Traders are watching to see if March consumer inflation data will run hotter than expected Wednesday, just as producer prices did Tuesday.
The consumer price index is reported at 8:30 a.m. ET. It is expected to be up 2.4 percent on a year-over-year basis in March and 2.1 percent on core, which excludes food and fuel. That compares with a 1.8 percent increase in core CPI in February. Core is expected to rise 0.2 percent on a monthly basis.
"I think there is definitely the possibility for a surprise to the upside," said Peter Boockvar, chief investment strategist at Bleakley Financial Group.
The market has been volatile based on headlines about tariffs and trade disputes lately, but the potential for more rapidly rising interest rates has also been a concern. A jump in inflation could be a sign that the Fed would have to raise interest rates more rapidly if it begins to run above its 2 percent target.
While the markets watch CPI, the Fed favors the PCE deflator, which is still running below its target.
Producer prices are watched as a measure of what might ultimately show up in consumer inflation. The core producer price index Tuesday was up 3 percent, excluding food and energy, compared with expectations for 2.9 percent year over year.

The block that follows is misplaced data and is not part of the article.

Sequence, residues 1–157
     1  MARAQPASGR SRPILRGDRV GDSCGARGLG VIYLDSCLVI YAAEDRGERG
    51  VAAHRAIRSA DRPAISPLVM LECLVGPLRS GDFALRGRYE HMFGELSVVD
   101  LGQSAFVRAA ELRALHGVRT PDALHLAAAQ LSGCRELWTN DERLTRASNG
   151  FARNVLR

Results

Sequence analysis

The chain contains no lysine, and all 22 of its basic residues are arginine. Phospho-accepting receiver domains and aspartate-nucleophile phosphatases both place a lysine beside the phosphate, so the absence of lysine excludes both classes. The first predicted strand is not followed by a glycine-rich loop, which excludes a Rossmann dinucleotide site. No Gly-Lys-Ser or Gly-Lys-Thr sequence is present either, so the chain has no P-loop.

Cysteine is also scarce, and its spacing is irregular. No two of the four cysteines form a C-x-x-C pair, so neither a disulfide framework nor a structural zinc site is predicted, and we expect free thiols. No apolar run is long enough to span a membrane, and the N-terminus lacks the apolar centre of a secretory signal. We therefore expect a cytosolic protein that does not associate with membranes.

"Net, net, the economy is generating some heat with inflation at the producer level picking up. Will it lead to more consumer inflation? Commodities are 25% of core CPI purchases," wrote Chris Rupkey, chief financial economist at MUFG.
Rupkey notes that CPI was depressed by a drop in cell phone rates last February, but that will drop out of the CPI data in March, and that helps the comparison from last year's level.
"Time will tell if the fuse is lit and the clock is ticking for higher inflation that prompts a faster path for interest rate hikes from Fed officials seeking to thread the needle and balance supply and demand pressures in this long-dated economic expansion. Policy is always a balance between too hot and too cold and right now the Fed's policy is running the economy a little on the hot side," he noted.